And there are major technical problems in addition to the poor training highlighted by the AP. The 12 Ohio-class nuclear-armed submarines that make up one leg of the triad first came into use in 1981, and they only function effectively for 42 years. That means the US will need to begin either refurbishing or replacing its nuclear submarines within the next decade.

The Obama administration worked for years to try to fix this problem, culminating in a plan to spend roughly $1 trillion over 30 years on nuclear modernization. The Trump administration inherited this plan and basically did nothing to change it.

“Trump's first budget proposal largely continues Obama’s plans,” explains Kingston Reif, an expert on America’s nuclear arsenal at the Arms Control Association. “[And it] won't take effect until October 1 at the earliest.”

The most Trump has done on nuclear policy was in a January 27 executive order, where he instructed Secretary of Defense James Mattis to conduct a review of America’s overall nuclear stance. This was not, as Trump suggested, his first executive order — he had issued at least four before it.

What’s more, this review is still in process. It has yet to produce any actual recommendations for changing course from Obama’s nuclear policy, let alone led to any concrete changes in the US nuclear arsenal. Trump’s claim to have made America’s nukes “far stronger and more powerful” is just completely made up.

“There is no demonstrable difference between our nuclear arsenal now and our nuclear arsenal on Jan 19,” Bell tweets.

Saber rattling with North Korea is a bad idea

Here’s the other problem with Trump’s tweets: They send exactly the wrong message to North Korea.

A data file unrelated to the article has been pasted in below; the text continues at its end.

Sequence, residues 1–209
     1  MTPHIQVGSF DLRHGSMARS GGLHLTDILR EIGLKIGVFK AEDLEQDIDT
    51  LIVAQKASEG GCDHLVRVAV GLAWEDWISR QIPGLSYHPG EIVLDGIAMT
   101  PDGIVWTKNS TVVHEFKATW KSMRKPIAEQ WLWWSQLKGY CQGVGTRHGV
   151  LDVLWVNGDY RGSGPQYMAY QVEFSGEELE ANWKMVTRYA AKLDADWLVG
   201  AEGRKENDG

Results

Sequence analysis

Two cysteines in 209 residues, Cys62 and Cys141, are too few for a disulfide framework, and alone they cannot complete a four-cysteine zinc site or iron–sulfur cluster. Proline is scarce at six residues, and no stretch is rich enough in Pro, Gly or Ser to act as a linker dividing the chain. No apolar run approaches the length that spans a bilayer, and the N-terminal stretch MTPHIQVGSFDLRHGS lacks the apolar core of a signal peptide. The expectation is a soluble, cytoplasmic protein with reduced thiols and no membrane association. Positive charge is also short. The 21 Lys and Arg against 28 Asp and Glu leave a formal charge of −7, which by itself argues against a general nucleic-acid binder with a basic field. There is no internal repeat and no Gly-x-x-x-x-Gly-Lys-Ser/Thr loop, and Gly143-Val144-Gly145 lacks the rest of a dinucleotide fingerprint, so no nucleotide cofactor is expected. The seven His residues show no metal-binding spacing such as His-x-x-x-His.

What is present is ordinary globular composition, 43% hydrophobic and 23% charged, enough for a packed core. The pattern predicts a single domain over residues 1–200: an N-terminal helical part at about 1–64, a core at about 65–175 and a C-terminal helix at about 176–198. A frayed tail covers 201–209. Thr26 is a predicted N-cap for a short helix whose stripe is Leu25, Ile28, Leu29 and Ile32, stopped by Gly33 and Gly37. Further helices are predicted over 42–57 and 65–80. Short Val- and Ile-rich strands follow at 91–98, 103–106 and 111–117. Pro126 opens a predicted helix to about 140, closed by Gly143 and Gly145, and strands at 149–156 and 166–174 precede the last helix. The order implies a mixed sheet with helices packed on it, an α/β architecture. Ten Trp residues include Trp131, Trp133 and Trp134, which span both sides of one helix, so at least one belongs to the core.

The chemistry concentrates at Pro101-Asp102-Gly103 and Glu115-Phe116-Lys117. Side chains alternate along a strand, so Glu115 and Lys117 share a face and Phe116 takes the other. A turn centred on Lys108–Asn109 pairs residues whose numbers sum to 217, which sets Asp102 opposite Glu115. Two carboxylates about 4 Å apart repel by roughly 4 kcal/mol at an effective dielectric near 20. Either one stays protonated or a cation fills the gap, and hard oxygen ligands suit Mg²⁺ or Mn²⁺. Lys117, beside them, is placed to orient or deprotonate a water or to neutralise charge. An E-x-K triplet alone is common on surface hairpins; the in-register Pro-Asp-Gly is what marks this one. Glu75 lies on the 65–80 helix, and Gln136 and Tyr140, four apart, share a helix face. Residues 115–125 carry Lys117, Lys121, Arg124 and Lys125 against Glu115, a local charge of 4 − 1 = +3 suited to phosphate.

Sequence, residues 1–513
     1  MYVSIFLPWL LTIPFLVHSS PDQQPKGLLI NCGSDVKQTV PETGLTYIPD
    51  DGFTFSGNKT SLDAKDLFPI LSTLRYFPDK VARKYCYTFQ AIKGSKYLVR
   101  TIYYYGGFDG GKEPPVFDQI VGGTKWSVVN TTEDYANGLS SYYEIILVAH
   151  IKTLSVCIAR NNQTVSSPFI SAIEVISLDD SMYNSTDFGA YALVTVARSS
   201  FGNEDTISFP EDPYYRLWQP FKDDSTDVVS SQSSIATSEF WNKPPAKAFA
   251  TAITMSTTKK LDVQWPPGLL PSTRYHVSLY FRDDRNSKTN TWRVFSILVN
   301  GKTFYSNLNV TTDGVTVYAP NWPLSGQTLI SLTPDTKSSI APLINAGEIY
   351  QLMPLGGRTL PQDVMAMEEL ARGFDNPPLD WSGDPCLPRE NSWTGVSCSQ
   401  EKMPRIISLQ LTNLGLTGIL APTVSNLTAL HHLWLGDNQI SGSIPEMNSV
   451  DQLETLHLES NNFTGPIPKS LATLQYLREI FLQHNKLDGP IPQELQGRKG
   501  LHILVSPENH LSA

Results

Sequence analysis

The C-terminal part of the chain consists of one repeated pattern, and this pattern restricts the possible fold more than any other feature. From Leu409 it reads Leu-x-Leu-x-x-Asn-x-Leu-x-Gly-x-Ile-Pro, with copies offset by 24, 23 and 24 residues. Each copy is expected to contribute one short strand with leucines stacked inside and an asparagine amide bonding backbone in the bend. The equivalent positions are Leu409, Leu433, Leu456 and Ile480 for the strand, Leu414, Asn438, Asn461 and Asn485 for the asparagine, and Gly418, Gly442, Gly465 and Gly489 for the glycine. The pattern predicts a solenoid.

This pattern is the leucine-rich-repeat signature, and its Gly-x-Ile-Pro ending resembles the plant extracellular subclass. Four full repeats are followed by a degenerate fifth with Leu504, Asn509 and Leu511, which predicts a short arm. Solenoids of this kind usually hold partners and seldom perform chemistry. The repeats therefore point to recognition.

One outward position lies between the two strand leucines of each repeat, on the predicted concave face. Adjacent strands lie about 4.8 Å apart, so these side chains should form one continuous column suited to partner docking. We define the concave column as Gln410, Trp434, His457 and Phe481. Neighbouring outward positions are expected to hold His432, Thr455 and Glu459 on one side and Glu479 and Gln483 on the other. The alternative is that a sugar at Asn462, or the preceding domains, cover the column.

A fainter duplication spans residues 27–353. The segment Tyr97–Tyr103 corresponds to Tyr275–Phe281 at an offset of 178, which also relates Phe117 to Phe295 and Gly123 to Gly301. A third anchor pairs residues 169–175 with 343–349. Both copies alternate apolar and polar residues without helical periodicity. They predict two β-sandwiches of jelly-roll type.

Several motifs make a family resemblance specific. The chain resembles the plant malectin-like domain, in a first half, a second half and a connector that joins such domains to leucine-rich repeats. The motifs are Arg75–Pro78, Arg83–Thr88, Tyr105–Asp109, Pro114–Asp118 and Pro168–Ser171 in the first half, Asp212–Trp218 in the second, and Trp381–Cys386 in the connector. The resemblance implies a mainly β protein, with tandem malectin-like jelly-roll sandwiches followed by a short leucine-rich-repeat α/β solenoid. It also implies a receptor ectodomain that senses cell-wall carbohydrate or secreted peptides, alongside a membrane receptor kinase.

Trump’s tweets come on the heels of his comments about North Korea on Tuesday, in which he threatened to respond to the North’s provocations with “fire and fury like the world has never seen.” By talking about how strong America’s nukes are the next day, he’s clearly sending a message to the North that the use of America’s nuclear weapons is on his mind. Reif calls this “reckless nuclear flaunting,” and that seems exactly right.

This kind of rhetoric raises the level of overall tensions, signaling — rightly or wrongly — that the Trump administration may be more belligerent than it was in the past. And experts say that scaring North Korea is not likely to bring it in line. It’s more likely, in fact, to lead them to take their own aggressive steps.

“The situation is not going to become safer by threatening North Korea,” Jenny Town, the assistant director of the US-Korea Institute, tells me. “It is only going to antagonize an already tense relationship, risking the safety of the United States and our allies in Asia, South Korea, and Japan by raising the potential for conflict — whether intentional or accidental.”

This is why Trump’s tweets are a problem. It’s not just that they’re wildly misleading about a vital issue, which would be bad enough. It’s that the president’s rhetoric is a primary way that North Korea understands American intentions. When Trump talks loosely and aggressively about the power of American nukes at a time of crisis with Pyongyang — a crisis partially created by his own comments — it fuels Kim Jong Un’s paranoia.

“His words could ... lead Pyongyang to miscalculate or believe it needs to act preemptively if it believes a US attack is imminent,” Laura Rosenberger, the former National Security Council director for Korea and China, told me after Trump’s “fire and fury” comments on Wednesday. “Those consequences could be catastrophic.”